Feature #6958

buggy BigDecimal#integer?

Added by Adriano Mitre over 2 years ago. Updated over 2 years ago.

[ruby-core:47386]
Status:Rejected
Priority:Normal
Assignee:Kenta Murata

Description

=begin
BigDecimal#integer? always return false, which is wrong in many cases, as shown below.

x, y = BigDecimal('1'), BigDecimal('1.0')

x.integer?
#=> false

y.integer?
#=> false

x == x.to_i
#=> true

y == y.to_i
#=> true

# Possible workaround
#
class BigDecimal
def integer?
self == self.to_i
end
end
=end

History

#1 Updated by Nobuyoshi Nakada over 2 years ago

  • Tracker changed from Backport to Feature
  • Project changed from Backport192 to Ruby trunk
  • Category changed from lib to lib

Currently BigDecimal does not define #integer? method.
It is Numeric#integer? and returns false always.

Possible options occur to me are:
(1) define BigDecimal#integer?
(2) change Numeric#integer?, like as your workaround.

It might be better to implement (1) together, if (2) is chosen.

#2 Updated by Nobuyoshi Nakada over 2 years ago

  • Description updated (diff)

#3 Updated by Nobuyoshi Nakada over 2 years ago

  • Status changed from Open to Rejected

I was wrong.

Numeric#integer? returns true if the receiver is an instance of integral class, or false.
BigDecimal is not an integral object, so it must return false always, as well as Float.

1.0.integer? #=> false

What you expect is not #integer? method.

#4 Updated by Alex Young over 2 years ago

On 02/09/2012 05:45, nobu (Nobuyoshi Nakada) wrote:

Issue #6958 has been updated by nobu (Nobuyoshi Nakada).

Status changed from Open to Rejected

I was wrong.

Numeric#integer? returns true if the receiver is an instance of integral class, or false.
BigDecimal is not an integral object, so it must return false always, as well as Float.

That's an implementation detail, surely? Mathematically, isn't it true
to say that 1.0 (as understood by BigDecimal) is an integer? If so,
wouldn't a second method, #integral? be better for the case where you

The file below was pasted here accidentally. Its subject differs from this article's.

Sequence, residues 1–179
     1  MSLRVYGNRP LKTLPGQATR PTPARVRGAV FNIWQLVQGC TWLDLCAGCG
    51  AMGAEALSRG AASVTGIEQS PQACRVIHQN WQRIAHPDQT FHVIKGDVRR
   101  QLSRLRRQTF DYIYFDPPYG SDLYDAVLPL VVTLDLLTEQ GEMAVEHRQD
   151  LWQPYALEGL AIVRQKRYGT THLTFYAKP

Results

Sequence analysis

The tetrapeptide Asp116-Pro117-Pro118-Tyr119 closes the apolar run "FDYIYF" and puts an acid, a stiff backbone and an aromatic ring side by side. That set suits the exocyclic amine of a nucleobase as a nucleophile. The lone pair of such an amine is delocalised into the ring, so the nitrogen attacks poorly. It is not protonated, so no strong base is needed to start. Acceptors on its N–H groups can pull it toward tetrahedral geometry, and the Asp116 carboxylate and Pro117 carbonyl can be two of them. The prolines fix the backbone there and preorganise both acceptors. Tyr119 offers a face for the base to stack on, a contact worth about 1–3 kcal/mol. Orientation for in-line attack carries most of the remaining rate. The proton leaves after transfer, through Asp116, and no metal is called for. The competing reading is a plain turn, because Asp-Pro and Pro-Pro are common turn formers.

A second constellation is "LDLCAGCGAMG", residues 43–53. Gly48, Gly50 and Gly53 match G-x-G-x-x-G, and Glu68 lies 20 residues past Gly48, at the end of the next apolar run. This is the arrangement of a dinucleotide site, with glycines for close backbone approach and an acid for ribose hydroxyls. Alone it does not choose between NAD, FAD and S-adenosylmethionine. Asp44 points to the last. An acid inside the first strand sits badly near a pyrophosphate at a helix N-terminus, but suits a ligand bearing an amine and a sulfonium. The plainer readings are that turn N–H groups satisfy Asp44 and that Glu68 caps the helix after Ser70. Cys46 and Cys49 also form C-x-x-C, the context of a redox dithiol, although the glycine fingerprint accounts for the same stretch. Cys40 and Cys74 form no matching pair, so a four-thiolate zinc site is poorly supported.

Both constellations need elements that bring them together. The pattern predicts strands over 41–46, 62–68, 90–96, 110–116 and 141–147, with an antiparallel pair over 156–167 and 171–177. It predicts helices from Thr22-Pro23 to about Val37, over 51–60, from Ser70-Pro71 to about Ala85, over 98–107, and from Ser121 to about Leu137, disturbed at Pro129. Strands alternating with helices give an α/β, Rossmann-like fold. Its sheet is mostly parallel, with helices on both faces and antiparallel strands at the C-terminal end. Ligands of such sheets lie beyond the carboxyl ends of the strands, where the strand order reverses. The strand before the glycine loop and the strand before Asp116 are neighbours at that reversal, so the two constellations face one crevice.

want to know if a numeric is of an integral class?

--
Alex

1.0.integer? #=> false

What you expect is not #integer? method.

Feature #6958: buggy BigDecimal#integer?
https://bugs.ruby-lang.org/issues/6958#change-29134

Author: adrianomitre (Adriano Mitre)
Status: Rejected
Priority: High
Assignee:
Category: lib
Target version:

=begin
BigDecimal#integer? always return false, which is wrong in many cases, as shown below.

x, y = BigDecimal('1'), BigDecimal('1.0')

x.integer?
#=> false

y.integer?
#=> false

x == x.to_i
#=> true

y == y.to_i
#=> true

# Possible workaround
#
class BigDecimal
def integer?
self == self.to_i
end
end
=end

#5 Updated by Nobuyoshi Nakada over 2 years ago

  • Category changed from lib to core
  • Status changed from Rejected to Assigned
  • Assignee set to Kenta Murata
  • Priority changed from High to Normal

Ok, then you want to request a new feature?

#6 Updated by Alex Young over 2 years ago

Sure. I've created #6973 for this, although I've switched the method names around from my suggestion above. I'm guessing there's rather more code relying on #integer?'s current implementation than I'd want to personally fix right now :-)

#7 Updated by Marc-Andre Lafortune over 2 years ago

  • Status changed from Assigned to Rejected

Closing, as it is now covered by feature request #6973

I was also surprised by the fact that .integer? is equivalent to is_a?(Integer). It makes that method completely redundant (and less clear than using is_a?).

Did we ever remove a method in Ruby?

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